With the exception of 1950, there was an Eastern Division and Western Division between 1947 and 1970. In 1950, the league had three divisions (Eastern, Central and Western) and held a round-robin playoffs.

Here are the win percentages of each conference – and before that, division – in NBA history:

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And here are the worst of the bunch:

1. 1960 Western Division: 42-102 (0.292)

2. 1950 Western Division: 50-114 (0.305)

3. 1948 Eastern Division: 31-65 (0.323)

4. 2004 Eastern Conference: 154-266 (0.367)

5. 1972 Eastern Conference: 125-215 (0.368)

6. 2014 Eastern Conference: 163-280 (0.368)

7. 1958 Western Division: 54-90 (0.375)

8. 1966 Western Division: 76-124 (0.380)

9. 2001 Eastern Conference: 161-259 (0.383)

10. 1968 Western Division: 98-154 (0.389)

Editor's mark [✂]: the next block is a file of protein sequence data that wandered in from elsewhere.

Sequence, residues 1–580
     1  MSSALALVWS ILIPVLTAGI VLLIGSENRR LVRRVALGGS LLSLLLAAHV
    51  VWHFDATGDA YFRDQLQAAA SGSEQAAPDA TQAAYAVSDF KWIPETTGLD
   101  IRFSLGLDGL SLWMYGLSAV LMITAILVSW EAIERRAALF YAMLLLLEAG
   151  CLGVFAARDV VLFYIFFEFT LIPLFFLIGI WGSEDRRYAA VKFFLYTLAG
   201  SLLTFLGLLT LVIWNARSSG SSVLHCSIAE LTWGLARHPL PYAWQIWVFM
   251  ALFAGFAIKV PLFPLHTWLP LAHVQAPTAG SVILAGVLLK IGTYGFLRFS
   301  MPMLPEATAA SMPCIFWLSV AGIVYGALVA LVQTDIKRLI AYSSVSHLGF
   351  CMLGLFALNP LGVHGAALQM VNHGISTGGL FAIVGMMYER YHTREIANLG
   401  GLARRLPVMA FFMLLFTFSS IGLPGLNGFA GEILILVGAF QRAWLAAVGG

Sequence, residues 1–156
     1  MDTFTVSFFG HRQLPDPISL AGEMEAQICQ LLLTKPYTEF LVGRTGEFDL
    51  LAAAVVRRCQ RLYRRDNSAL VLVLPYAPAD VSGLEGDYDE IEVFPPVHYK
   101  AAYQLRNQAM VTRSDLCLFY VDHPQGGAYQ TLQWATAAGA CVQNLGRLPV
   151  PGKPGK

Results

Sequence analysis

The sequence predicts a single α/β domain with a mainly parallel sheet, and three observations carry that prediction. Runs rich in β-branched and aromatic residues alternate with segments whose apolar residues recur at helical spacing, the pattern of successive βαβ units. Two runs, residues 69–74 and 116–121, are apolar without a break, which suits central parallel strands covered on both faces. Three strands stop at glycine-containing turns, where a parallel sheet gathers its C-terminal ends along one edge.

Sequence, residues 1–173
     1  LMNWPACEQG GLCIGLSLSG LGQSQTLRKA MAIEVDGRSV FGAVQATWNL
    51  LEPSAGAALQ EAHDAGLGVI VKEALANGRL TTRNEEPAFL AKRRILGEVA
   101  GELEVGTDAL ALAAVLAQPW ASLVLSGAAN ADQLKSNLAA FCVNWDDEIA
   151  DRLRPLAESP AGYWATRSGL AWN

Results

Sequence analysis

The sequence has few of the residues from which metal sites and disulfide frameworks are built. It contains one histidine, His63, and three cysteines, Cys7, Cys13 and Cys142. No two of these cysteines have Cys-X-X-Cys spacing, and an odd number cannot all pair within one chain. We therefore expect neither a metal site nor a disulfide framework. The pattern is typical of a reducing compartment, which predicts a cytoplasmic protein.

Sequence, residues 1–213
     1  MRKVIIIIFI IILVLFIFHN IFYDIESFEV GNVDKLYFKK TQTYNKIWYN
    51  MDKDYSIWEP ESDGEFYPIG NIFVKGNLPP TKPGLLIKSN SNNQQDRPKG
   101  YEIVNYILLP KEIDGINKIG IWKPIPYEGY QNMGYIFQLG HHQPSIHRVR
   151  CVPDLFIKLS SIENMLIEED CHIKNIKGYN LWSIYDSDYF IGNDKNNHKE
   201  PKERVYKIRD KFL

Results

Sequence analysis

So, the 2014 Eastern Conference can’t fall below a few old-timey Divisions, even with an 0-7 finish. But since the NBA’s major divisor became conferences, the 2014 East will go down as one of the worst of all-time.

The only remaining question is whether it will be the worst of all time.

Every 8-24 will be Kobe Bryant Day

LOS ANGELES, CA - APRIL 13:  Kobe Bryant #24 of the Los Angeles Lakers waves to the crowd as he is taken out of the game after scoring 60 points against the Utah Jazz at Staples Center on April 13, 2016 in Los Angeles, California. NOTE TO USER: User expressly acknowledges and agrees that, by downloading and or using this photograph, User is consenting to the terms and conditions of the Getty Images License Agreement.  (Photo by Sean M. Haffey/Getty Images)